We had few choices. We could put up a fence to keep the cattle out, but we didn’t move to the wilds of northern Arizona to enclose ourselves in our own little prison away from nature. No way! We decided to try to train our black Labrador, Budroe, to chase them out of the yard. He slept outside and obviously had the best chance of catching them in the night when they stole into the yard. This was a brilliant idea! Unfortunately, Budroe wasn’t as brilliant as the idea, and just laid out in the front yard, oblivious to his duty of chasing the cattle away. Many nights I would wake up; check the yard for cattle, then run out in the yard like some depraved butcher looking for steaks in my underwear scaring the cattle off. A small kiddie pool on our back porch for Budroe to cool his black sun attracting body also turned into a cattle magnet. I would awake to hear the little pool being pushed across the concrete by some thirsty bull. Then another idea came to mind. I went to the back of the property and picked up a whole bucket full of perfect sized rocks for cattle punishment if they dared come into our yard. If I couldn’t put the fear of Budroe into them, then I would have to do.

I awoke night after night to the sound of the kiddie pool scraping across the concrete, ran out the screen door in my underwear, grabbed a few choice rocks from my bucket and proceeded to pepper them with rocks as they ran out of the yard. I have to admit, I got to be a pretty good shot with those rocks. My wife jokingly called me the bare hunter because of my habit of running out of the house barely clad, usually just my underwear. The cattle, although not so bright themselves, learned that if they heard the screen door open, the bare hunter was coming after them. They must have learned their lesson; I began to spend more nights sleeping, not hunting cattle with rocks. Budroe even started sleeping better in the front yard, no more yelling and throwing rocks.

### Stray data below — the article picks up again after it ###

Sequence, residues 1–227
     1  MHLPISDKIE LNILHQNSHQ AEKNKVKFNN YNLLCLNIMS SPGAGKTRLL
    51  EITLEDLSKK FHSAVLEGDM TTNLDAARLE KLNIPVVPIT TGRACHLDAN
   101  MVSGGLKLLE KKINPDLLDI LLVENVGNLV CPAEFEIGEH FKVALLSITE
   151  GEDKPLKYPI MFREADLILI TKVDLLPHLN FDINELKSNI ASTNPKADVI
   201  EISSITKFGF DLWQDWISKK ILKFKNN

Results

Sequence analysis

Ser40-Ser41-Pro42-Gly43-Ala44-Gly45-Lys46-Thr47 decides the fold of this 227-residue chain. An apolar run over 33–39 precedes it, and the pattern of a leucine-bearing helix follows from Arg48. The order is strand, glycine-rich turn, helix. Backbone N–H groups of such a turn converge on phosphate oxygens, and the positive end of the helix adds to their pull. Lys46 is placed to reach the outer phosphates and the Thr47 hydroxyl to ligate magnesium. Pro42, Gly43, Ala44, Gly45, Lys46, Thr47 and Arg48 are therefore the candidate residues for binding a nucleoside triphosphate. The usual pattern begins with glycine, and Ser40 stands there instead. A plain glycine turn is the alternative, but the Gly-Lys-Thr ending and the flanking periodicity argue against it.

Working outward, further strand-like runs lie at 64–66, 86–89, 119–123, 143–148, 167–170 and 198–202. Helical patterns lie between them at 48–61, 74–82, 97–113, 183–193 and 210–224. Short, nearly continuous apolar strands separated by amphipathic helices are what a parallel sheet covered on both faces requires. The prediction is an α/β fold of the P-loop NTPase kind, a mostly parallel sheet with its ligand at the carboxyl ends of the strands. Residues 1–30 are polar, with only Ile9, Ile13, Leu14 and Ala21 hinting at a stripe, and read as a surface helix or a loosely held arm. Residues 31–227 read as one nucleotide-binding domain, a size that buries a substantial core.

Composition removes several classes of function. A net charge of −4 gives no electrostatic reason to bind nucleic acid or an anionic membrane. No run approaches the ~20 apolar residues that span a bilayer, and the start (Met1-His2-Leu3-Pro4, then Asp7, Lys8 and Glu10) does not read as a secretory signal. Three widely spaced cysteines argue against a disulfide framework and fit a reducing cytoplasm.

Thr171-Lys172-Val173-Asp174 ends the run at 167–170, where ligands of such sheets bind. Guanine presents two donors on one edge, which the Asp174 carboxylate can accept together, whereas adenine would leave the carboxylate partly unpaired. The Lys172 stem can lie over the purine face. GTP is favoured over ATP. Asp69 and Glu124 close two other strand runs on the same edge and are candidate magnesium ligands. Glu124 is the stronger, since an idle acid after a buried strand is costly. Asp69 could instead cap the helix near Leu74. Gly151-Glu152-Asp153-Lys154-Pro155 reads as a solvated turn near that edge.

Then, it really happened!

I awoke to the sound of the pool being pushed across the porch. I wearily got out of bed and went to the back door, looked out the screen for the inevitable cow – and saw nothing! I then heard a sound around the corner of the house, so I picked up a choice rock and went huntin’. I snuck over to the edge of the house with my rock cocked over my head ready for a good stinging. I jumped around the edge of the house to flush my prey, and was amazed to be standing face to nose of a huge black bear. He seemed to be as surprised as I was. I just stood there seemingly frozen in time with my rock swinging above my head, thinking how much better a 30.06 or even my old .45 pistol would feel in my hand. We just looked at each other like two professional wrestlers ready to square off. The thing I remember most was how close together his eyes seemed in the dim light of the porch light. I remember my dad telling me that animals with close together eyes weren’t too bright. Strange thing to be thinking at a time like this! He grunted, fear got the best of valor, and I hightailed it to the backdoor screaming at the top of my lungs about a bear in the backyard. I retreated to the bedroom to retrieve my trusty .45 in case that bear was the same one I saw on “When Animals Attack” a few nights before.

My wife, instead of being concerned for my safety or even the warm liquid running down my leg, calmly asked if Budroe was okay! I grabbed my .45 and went to the back door and surveyed the back yard. No bear! Maybe I scared him as much as he scared me. I snuck around the house to the front yard. I could see a big black mass of something lying in the yard and there he was, sure enough, Budroe, asleep in the front yard!